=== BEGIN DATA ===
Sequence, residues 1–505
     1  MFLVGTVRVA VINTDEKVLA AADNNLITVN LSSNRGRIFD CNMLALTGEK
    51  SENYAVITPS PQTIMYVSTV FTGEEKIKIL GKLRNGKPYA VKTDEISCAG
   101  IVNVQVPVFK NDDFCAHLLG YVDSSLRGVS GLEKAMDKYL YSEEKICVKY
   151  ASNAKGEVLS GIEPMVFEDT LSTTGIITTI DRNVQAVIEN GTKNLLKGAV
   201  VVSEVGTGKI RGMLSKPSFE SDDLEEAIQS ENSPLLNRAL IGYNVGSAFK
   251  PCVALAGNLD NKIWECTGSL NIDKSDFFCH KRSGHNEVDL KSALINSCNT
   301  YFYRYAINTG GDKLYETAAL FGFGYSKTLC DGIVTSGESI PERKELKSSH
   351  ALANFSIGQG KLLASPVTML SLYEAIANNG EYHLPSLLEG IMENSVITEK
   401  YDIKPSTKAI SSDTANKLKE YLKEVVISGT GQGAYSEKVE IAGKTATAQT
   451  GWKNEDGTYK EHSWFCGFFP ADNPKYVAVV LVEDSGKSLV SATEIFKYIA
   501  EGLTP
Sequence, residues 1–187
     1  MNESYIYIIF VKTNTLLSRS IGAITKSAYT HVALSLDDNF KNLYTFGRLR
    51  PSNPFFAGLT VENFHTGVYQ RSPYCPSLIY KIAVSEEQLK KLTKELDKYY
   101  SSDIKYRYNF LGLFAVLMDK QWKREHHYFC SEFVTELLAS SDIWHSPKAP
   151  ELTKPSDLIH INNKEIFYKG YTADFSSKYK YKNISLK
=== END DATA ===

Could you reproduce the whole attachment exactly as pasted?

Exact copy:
Sequence, residues 1–505
     1  MFLVGTVRVA VINTDEKVLA AADNNLITVN LSSNRGRIFD CNMLALTGEK
    51  SENYAVITPS PQTIMYVSTV FTGEEKIKIL GKLRNGKPYA VKTDEISCAG
   101  IVNVQVPVFK NDDFCAHLLG YVDSSLRGVS GLEKAMDKYL YSEEKICVKY
   151  ASNAKGEVLS GIEPMVFEDT LSTTGIITTI DRNVQAVIEN GTKNLLKGAV
   201  VVSEVGTGKI RGMLSKPSFE SDDLEEAIQS ENSPLLNRAL IGYNVGSAFK
   251  PCVALAGNLD NKIWECTGSL NIDKSDFFCH KRSGHNEVDL KSALINSCNT
   301  YFYRYAINTG GDKLYETAAL FGFGYSKTLC DGIVTSGESI PERKELKSSH
   351  ALANFSIGQG KLLASPVTML SLYEAIANNG EYHLPSLLEG IMENSVITEK
   401  YDIKPSTKAI SSDTANKLKE YLKEVVISGT GQGAYSEKVE IAGKTATAQT
   451  GWKNEDGTYK EHSWFCGFFP ADNPKYVAVV LVEDSGKSLV SATEIFKYIA
   501  EGLTP
Sequence, residues 1–187
     1  MNESYIYIIF VKTNTLLSRS IGAITKSAYT HVALSLDDNF KNLYTFGRLR
    51  PSNPFFAGLT VENFHTGVYQ RSPYCPSLIY KIAVSEEQLK KLTKELDKYY
   101  SSDIKYRYNF LGLFAVLMDK QWKREHHYFC SEFVTELLAS SDIWHSPKAP
   151  ELTKPSDLIH INNKEIFYKG YTADFSSKYK YKNISLK